St Edward the Confessor Church, Romford

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St Edward the Confessor
St Edward the Confessor Church, Market Place, Romford
Denomination Church of England
Churchmanship Anglo-Catholic
Website stedwardsromford.org
Architecture
Architect(s) John Johnson
Administration
Deanery Havering
Archdeaconry Barking
Diocese Chelmsford
Province Canterbury
Clergy
Vicar(s) Fr David Anderson SCP
Curate(s) Reverend Mike Power
Laity
Organist(s) Jonathan Venner
Churchwarden(s) John Bloomfield & Philip Hensher
Verger Chris Patmore

The church of St Edward the Confessor is a Victorian Gothic religious building located in Market Place in Romford, Essex. The church is Anglican and lies within the Diocese of Chelmsford. There has been a religious building on the site since 1177 with the current structure dating from 1849–50. It was completed to a design by the English architect John Johnson.[1] The church was recorded in the National Heritage List for England as a designated Grade II listed building in 1952.[2]

History

Chapel of 1177

There has been a religious building on the site since 1177. The first construction was a small chapel and was the first such religious building to be built in Romford, then known as Romfort. The chapel was built near to the River Rom and was dedicated to Saint Andrew. The chapel remained until the end of the 14th century when it was ruined and later demolished.[3]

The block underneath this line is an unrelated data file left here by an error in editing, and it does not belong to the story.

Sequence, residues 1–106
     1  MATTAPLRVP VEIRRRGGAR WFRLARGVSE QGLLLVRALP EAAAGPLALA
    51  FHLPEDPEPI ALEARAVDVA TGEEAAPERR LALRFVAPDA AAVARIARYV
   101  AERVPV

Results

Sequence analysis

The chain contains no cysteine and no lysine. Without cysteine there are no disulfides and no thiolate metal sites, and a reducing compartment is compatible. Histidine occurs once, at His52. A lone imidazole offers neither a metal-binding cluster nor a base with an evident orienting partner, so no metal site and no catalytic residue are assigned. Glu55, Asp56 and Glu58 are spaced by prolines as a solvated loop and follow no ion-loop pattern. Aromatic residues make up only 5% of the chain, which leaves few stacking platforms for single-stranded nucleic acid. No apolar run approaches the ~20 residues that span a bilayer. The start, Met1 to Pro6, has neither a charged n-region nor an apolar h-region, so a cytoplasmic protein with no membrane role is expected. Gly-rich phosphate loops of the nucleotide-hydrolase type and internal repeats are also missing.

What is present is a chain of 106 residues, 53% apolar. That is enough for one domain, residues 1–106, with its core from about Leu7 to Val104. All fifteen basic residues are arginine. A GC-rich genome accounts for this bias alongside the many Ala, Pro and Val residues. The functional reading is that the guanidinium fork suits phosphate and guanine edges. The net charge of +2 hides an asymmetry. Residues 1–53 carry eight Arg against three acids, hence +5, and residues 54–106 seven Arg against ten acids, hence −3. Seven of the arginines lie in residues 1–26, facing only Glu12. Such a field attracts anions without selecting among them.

Church of 1410

The building of a new church was initiated towards the end of the 14th century, and was completed in 1410.[3] It was consecrated by the Bishop of St David on 23 March of that year and was dedicated to the Virgin Mary and St Edward the Confessor, the latter of whom it was named after. This new church contained a chancel, nave and north aisle. It was bigger than the previous building by 28 ft in length and 14 ft in width. It had a brick tower with five bells, and later, a gallery at the west end, which housed a charity for orphaned children. By 1710 the orphanage became the St Edward's School which was founded within the vestry.[3] The school moved out in 1728 to a separate building within Romford's Market Place. Almost 30 years later a replacement weight driven clock was installed and a further three bells were added. The building remained in use until 1844 when work on a new church to the east of the Market Place (now Main Road war memorial) was started. However, the construction at that location was abandoned in favour of the current Market Place site. By 1849 the last services were being held at the Market Place church prior to its demolition later that year.[3]

Current building

On Thursday 19 September 1850, the present church was consecrated by the Bishop of Rochester. The architect John Johnson designed the church in the decorated style of Gothic architecture used in this country in the Middle Ages. It is built mainly of Kentish Ragstone with Bath stone dressings. The Kentish Ragstone has since deteriorated with time.[4]